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Autism Diagnoses Reliable at 14 Months, Study Finds

MONDAY, April 29, 2019 (HealthDay News) -- Although autism is typically diagnosed around age 3 or 4, new research suggests it can be spotted soon after a child's first birthday.

Diagnosing autism spectrum disorders early is "extremely important because the brain is really plastic during early development," said the study's lead author, Karen Pierce.

The study found that 84% of those diagnosed early still met the criteria for having an autism spectrum disorder when they were re-evaluated at 3 years of age.

Of the remaining 16% thought to have an autism spectrum disorder early in life, most were later found to have a language or other developmental delay. Only about 2% of kids thought to have an autism spectrum disorder around 1 year of age ended up not having autism or another developmental delay, said Pierce. She's co-director of the University of California, San Diego autism center.

Pierce said that during early life, the brain is busy making connections. By age 3 or 4, many connections have already been made.

"If you can identify and start treating autism spectrum disorders before those connections are made, maybe more effective connections will be made. We still need to see what the impact will be if children come in for treatment as early as 24 months, but we believe from a neuroscience perspective, kids will have better outcomes," Pierce said.

Approximately one in 59 children in the United States has an autism spectrum disorder, according to the study authors. Signs may be evident within the first year of life. These may include not responding to their name and not practicing "joint attention behaviors." For example, if you point at an object and say, "Look, Johnny," while most kids will look where you're pointing, a child with autism may not.

Other clues might be the presence or absence of restrictive or repetitive behaviors, Pierce said. "A child with an autism spectrum disorder might take their toys and line them up, without really playing," she noted.

The study included almost 1,300 toddlers (aged 1 to 3) who were referred by their doctors or whose parents had expressed concern.

The youngsters had four hours of testing by a licensed psychologist, said Pierce, who is also a professor of neurosciences. The children were re-evaluated again before they were 3.5 years old.

In youngsters diagnosed at 12 or 13 months, only 50% were still considered to have an autism spectrum disorder at 3. The researchers said their findings show that the autism diagnosis becomes stable at about 14 months.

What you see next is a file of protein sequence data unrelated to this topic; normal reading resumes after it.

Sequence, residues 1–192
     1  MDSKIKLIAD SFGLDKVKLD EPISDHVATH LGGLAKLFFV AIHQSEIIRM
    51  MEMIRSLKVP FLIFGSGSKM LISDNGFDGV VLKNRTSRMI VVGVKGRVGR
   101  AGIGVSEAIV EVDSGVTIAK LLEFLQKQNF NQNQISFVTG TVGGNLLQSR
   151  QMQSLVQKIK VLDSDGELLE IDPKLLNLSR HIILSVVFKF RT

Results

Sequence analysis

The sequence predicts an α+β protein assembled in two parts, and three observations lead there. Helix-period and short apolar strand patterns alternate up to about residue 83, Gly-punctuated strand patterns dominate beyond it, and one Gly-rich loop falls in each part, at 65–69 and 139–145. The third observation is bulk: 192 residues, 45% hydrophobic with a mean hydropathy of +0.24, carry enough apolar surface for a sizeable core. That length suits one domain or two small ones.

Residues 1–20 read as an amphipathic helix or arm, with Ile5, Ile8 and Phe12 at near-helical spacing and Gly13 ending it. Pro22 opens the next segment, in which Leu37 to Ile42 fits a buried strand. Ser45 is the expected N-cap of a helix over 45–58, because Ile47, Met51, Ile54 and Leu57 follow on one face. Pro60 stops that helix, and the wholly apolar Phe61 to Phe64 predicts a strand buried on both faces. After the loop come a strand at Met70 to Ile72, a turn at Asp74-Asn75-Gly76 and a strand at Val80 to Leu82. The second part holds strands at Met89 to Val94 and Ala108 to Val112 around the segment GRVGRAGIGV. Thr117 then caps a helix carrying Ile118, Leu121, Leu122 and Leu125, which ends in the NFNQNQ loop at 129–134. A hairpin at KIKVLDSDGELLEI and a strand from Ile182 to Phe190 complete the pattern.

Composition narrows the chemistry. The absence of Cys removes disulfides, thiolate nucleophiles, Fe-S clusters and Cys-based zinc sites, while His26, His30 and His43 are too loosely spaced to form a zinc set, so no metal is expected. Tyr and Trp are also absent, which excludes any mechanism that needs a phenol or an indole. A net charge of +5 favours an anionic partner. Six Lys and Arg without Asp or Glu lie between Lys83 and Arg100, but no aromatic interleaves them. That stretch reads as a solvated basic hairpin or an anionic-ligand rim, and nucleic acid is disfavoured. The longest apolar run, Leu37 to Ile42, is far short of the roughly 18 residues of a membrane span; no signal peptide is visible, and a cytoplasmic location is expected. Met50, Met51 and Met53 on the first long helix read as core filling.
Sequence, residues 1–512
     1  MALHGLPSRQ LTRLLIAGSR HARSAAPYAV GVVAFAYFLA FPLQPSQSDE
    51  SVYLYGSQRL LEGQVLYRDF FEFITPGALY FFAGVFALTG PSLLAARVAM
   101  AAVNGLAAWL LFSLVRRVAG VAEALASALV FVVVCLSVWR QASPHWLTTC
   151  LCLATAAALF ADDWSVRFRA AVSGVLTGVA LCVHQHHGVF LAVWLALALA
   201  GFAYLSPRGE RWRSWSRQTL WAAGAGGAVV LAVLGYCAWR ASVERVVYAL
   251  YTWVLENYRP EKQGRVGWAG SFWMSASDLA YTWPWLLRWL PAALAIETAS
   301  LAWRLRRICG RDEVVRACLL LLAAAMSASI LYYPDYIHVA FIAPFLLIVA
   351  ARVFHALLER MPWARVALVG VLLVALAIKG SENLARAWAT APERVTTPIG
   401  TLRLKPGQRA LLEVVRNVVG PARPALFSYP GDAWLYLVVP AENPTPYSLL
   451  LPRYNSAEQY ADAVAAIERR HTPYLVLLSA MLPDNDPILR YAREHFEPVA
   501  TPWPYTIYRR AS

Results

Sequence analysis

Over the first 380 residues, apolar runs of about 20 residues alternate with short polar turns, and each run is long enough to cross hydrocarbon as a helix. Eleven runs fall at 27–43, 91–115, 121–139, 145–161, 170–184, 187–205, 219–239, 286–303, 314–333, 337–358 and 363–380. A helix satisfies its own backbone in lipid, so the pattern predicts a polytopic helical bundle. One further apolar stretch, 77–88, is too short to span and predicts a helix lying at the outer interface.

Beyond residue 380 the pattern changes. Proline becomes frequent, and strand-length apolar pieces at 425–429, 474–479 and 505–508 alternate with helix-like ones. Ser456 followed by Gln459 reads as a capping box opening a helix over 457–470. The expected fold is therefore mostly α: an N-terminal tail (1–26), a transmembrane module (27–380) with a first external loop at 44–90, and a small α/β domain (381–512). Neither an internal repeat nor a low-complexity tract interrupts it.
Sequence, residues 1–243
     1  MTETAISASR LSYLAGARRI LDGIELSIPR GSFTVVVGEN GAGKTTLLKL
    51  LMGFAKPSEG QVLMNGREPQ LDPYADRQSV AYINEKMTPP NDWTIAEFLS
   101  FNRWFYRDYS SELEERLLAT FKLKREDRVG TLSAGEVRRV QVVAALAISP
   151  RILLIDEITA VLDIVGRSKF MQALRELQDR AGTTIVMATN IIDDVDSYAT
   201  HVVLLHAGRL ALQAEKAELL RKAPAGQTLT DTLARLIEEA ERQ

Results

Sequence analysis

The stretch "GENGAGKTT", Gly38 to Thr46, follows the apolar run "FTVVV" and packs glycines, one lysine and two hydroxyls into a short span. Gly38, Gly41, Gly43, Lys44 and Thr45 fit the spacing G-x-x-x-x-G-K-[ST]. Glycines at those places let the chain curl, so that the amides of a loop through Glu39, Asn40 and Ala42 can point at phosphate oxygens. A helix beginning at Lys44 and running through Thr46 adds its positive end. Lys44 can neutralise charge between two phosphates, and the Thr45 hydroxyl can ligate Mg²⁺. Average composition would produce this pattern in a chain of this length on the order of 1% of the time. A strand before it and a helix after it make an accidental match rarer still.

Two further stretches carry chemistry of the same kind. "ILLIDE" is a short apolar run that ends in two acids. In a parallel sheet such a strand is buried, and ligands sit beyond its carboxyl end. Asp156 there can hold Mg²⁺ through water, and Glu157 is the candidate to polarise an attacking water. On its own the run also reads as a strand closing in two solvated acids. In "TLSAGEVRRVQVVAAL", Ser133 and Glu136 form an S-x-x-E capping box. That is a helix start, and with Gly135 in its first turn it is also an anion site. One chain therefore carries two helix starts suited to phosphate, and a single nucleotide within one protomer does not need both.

Of the children who weren't identified as having autism at the early testing, 24% were found to have autism at the later evaluation, the findings showed.

Pierce said it usually seemed as if these kids had a language delay or other developmental disorder, and at the early test, they only showed subtle signs of social impairment.

"This finding shows that doctors should do repeat screening because we don't want to miss any kids," she said.

Dr. Andrew Adesman is chief of developmental and behavioral pediatrics at Cohen Children's Medical Center in New Hyde Park, N.Y.

Adesman, who wasn't involved in the current study, said, "Although this study suggests that a diagnosis of an autism spectrum disorder may not be stable if a child is younger than 14 months of age, parents should definitely share any concerns they have with their pediatrician about their child's development at any age."

He, too, said the study results suggest that an autism diagnosis may be stable as early as 14 months.

"Although there is a tendency for parents and professionals to take a 'wait and see' approach when it comes to developmental concerns in very young children, the findings from the study suggest that it is important to intervene early when a child as young as 14 months is showing signs of an autism spectrum disorder," Adesman said.

The study was published online April 29 in JAMA Pediatrics.

More information

Learn more about getting an autism diagnosis from the U.S. Centers for Disease Control and Prevention.

SOURCES: Karen Pierce, Ph.D., professor, department of neurosciences, and co-director, Autism Center, University of California, San Diego; Andrew Adesman, M.D., chief, developmental and behavioral pediatrics, Cohen Children's Medical Center, New Hyde Park, N.Y.; April 29, 2019, JAMA Pediatrics, online

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